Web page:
School spending pledge ‘an aspiration’
The top civil servant at the education department has warned Gordon Brown’s call for state school funding to match that of the private sector is only an “aspiration”.
David Bell, the former chief inspector of schools in England and now permanent secretary at the Department for Education and Skills (DfES), said funding was expected to get tighter in the years ahead.
His comments to the education select committee appear to contradict the promise made by the chancellor in this year’s Budget for each state school to receive the same amount of funding as private schools.
The announcement came as a surprise to many MPs, as it would require investment equivalent to £3,000 extra per pupil per year, but was welcomed by unions as “exactly the sort of vision we want from government”.
However, Mr Bell today told MPs that future funding was “going to be tighter – I don’t think there is any secret about that. The chancellor has made that very clear”.
His analysis supports the conclusion of the education committee in its March report, where the MPs predicted schools would see funding growth fall from its current level of between five and seven per cent, to between two and three per cent.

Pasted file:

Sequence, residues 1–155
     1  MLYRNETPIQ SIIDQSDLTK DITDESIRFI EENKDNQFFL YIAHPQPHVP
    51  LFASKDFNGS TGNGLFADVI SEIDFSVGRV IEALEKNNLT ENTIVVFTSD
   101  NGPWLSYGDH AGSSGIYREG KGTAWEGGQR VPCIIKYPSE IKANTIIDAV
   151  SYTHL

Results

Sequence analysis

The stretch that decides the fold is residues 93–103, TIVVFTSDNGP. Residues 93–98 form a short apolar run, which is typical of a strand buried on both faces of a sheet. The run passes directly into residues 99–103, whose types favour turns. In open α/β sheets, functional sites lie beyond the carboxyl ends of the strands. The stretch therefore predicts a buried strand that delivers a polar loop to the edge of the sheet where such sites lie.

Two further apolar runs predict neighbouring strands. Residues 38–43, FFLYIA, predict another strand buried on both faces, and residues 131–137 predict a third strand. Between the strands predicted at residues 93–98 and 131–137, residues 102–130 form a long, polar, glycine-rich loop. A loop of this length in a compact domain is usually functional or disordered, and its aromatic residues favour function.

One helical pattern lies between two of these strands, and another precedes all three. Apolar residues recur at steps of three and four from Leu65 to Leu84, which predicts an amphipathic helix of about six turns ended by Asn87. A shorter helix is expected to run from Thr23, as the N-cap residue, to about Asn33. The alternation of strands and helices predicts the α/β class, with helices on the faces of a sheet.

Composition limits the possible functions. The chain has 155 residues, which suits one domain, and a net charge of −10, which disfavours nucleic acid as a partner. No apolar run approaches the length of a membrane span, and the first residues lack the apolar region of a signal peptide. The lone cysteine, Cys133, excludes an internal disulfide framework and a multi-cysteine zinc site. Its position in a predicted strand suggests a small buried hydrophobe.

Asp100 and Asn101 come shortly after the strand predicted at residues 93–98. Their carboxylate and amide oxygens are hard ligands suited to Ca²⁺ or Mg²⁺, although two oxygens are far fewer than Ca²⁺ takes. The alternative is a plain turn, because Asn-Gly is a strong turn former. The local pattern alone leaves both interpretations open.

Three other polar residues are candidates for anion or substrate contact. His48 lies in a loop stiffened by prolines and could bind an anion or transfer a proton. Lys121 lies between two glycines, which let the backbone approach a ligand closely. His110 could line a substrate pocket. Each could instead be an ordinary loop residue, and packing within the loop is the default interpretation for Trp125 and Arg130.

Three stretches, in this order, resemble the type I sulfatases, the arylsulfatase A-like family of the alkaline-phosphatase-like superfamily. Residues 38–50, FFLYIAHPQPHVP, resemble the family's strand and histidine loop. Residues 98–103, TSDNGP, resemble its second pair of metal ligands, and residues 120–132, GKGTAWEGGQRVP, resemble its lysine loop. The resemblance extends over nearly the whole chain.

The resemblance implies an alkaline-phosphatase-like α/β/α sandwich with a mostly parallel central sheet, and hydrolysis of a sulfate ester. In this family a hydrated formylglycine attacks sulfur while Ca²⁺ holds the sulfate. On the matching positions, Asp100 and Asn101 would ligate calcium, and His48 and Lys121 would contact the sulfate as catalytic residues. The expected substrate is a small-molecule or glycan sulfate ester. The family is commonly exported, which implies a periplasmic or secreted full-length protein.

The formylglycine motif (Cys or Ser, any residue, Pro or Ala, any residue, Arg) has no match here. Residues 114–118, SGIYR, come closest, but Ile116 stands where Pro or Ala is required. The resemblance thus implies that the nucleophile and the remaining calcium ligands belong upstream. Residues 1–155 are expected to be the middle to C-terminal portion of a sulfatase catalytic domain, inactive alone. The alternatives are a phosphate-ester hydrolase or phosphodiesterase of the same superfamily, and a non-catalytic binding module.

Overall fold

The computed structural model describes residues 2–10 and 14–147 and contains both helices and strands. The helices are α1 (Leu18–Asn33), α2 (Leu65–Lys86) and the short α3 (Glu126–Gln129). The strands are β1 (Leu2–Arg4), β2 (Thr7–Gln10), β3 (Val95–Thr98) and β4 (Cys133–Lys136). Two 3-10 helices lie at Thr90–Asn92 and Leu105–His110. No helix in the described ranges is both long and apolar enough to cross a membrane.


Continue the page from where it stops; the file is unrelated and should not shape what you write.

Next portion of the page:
“While spending on schools is still growing, schools must be told not to expect dramatic increases to their budgets in the future,” they said, and urged ministers to be “straightforward” with head teachers about how much they would have to spend.
In today’s session, Labour committee chairman Barry Sheerman said education had been a top spending priority for three elections, but noted that health, law and order and transport were beginning to take precedence.
Responding, Mr Bell said: “The chancellor laid out an aspiration. The Treasury, properly, is considering, along with departments, a whole range of issues in advance of the comprehensive spending review.
“The government will have to weigh up its different pressures and priorities.”
However, he stressed that education had “benefited enormously from significant investment” over the past ten years.